Greer Rouda Testimony to Ohio Senate

Proponent Testimony of Greer Rouda Senate Bill 135
Workforce and Higher Education Committee May 19, 2021

Chairman Johnson, Vice Chairman Cirino, Ranking Member Williams and members of the committee:

My name is Greer Rouda. I am Vice President at Monarch Title Services and a 1977 graduate of Ohio State University.

My father Harley Rouda founded HER Realty Company. My parents loved Ohio State University. In 2000 they established two scholarship endowment funds, one for athletics and the other for real estate business majors. The agreement was that these funds would be invested by OSU and the interest would provide annual scholarships in perpetuity, with the principal left intact.

Unfortunately, this has not happened. Instead, Ohio State has drained funds from the principal of both of these endowments. The athletic endowment donation was $250,000 and is now worth just $200,000, a decline of 25%. The business school endowment started at $918,000 and is now at $716,000, a decline of 22%. That’s over 20% less money available to provide scholarships each year. And with the funds decreasing by the year, eventually the entire principal will be depleted.

While this is extremely disappointing for my family and my parents’ legacy, what is most troubling is the impact on students. My parents wanted to help deserving students attend college without incurring debt. In a time when student loan debt is a national crisis, it is unacceptable for a university to be spending down the principal of endowment funds to the detriment of students.

Ohio State does a great job raising money. As they themselves say, they’ve raised over $500 million in the last several years. The problem is they are draining existing endowment funds and violating the terms of the agreements in order to pay for the entertainment, travel and salary costs associated with raising new dollars. They are breaking their commitment to previous donors in order to wine and dine new donors, and the students are the ones paying the price.

Ohio State says it abides by the Uniform Prudent Management of Institutional Funds Act, a national standard that nearly every state uses to operate endowment funds. But the primary author of that act, Susan Gary of the University of Oregon, has said that Ohio State is violating the spirit of that act by spending down the principal of its endowment funds in order to pay for lavish entertainment and travel expenses.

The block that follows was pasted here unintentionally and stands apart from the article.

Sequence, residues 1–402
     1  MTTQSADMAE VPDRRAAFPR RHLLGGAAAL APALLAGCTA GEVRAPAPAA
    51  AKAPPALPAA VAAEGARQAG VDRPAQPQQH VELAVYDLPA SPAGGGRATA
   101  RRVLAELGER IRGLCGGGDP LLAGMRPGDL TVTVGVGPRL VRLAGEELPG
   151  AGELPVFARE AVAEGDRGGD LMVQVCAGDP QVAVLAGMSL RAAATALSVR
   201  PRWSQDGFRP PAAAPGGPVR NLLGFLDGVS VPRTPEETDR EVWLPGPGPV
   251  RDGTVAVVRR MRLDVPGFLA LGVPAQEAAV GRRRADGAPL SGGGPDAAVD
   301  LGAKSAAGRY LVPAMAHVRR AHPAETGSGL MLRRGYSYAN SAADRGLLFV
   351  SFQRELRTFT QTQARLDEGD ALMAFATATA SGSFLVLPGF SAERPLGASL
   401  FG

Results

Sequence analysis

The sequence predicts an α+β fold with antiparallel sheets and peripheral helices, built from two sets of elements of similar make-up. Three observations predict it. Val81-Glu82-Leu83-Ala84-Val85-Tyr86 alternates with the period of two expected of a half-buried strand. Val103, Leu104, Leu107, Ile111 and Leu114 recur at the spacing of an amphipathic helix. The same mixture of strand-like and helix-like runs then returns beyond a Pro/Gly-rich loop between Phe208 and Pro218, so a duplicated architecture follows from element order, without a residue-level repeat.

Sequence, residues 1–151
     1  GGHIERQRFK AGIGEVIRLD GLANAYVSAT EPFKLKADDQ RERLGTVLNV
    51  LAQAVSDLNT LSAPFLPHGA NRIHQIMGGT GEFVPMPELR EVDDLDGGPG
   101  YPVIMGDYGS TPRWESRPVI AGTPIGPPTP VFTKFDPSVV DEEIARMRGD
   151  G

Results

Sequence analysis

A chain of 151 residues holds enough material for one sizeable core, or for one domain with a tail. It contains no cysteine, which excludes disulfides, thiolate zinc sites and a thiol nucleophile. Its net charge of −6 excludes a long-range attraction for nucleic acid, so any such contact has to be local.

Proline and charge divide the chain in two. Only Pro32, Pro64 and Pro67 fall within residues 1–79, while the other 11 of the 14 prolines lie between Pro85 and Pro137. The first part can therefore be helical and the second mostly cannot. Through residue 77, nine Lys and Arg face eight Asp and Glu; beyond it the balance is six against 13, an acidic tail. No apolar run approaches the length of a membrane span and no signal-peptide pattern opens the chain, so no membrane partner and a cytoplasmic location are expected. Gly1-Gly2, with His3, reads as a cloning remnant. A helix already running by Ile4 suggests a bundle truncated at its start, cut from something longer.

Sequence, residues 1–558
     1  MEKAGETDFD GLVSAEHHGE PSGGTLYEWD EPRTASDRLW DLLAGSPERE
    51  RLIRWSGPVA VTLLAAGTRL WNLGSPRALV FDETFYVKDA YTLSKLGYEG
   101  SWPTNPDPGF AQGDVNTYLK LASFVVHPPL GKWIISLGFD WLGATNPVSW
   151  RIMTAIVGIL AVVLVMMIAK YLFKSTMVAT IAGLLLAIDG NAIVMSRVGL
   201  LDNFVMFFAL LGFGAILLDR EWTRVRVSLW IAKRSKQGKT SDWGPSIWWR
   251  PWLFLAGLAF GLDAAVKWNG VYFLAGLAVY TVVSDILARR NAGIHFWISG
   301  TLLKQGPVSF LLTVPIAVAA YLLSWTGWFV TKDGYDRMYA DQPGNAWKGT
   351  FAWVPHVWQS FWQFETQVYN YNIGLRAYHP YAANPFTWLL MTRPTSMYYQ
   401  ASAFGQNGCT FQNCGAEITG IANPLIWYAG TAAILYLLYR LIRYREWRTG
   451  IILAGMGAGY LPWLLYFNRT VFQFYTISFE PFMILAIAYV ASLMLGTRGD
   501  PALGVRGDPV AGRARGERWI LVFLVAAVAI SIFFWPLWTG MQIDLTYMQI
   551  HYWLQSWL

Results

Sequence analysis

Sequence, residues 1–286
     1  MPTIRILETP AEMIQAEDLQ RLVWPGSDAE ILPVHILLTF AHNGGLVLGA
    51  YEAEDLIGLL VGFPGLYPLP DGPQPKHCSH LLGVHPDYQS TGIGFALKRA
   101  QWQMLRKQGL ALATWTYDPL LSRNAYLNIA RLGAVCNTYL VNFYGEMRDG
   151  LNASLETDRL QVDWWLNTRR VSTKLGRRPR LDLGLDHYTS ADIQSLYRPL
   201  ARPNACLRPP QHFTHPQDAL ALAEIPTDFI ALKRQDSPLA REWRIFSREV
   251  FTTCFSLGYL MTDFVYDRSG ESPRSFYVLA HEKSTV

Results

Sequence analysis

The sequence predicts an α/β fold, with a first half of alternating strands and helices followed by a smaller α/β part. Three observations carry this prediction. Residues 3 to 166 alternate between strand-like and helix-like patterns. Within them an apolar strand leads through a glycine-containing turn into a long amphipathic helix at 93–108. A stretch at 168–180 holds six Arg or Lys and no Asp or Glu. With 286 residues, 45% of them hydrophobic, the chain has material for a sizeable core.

Part of the problem may be that Ohio adopted a watered-down version of the act. In fact, Ohio’s version is the weakest of any state in the nation from a standpoint of accountability. Ohio’s

version gives universities an “irrebuttable presumption” that continued spending of 5% of an endowment’s value each year is “prudent,” and therefore lawful, regardless of whether the endowment is failing to achieve its charitable purpose and is decreasing in value.

Over half of OSU’s largest privately-funded endowments were underwater last year, yet OSU has continued to spend those endowments down. That’s thousands of endowments. In 2019, OSU took $19 million from those endowments to pay for advancement officers’ salaries, travel, and festivities to solicit new endowments from wealthy donors.

With Ohio’s weakened version of the uniform act, you can see why thousands of endowment funds are worth less now that when they were established. There’s nothing prohibiting universities from spending down the principal even when they are underwater. There’s also no way to hold them accountable to providing the scholarships and other goals specified in the endowment agreements.

I believe that like me, most major donors are unaware of just how badly their endowment funds are being managed and how many students are being shortchanged of scholarships. State law gives donors no ability to enforce their agreements. That responsibility lies solely with the Attorney General, who also serves as the university’s legal counsel.

I respectfully ask the legislature to strengthen Ohio’s laws by doing the following:
• Strengthening endowment management laws by eliminating Ohio’s weakened version of the uniform and replacing it with the original version proposed by the Uniform Law Commission.
• Give donors some legal ability to ensure universities are honoring their agreements to provide specified scholarships if the Attorney General cannot or will not enforce the agreements.

When donors give funds to provide scholarships, their generosity should be respected, and the agreement should be kept. While it is reasonable for a university to spend funds developing new donors, it should not do so by draining existing endowments and failing to deliver on their original commitments.

Thank you for the opportunity to speak to you about this important issue.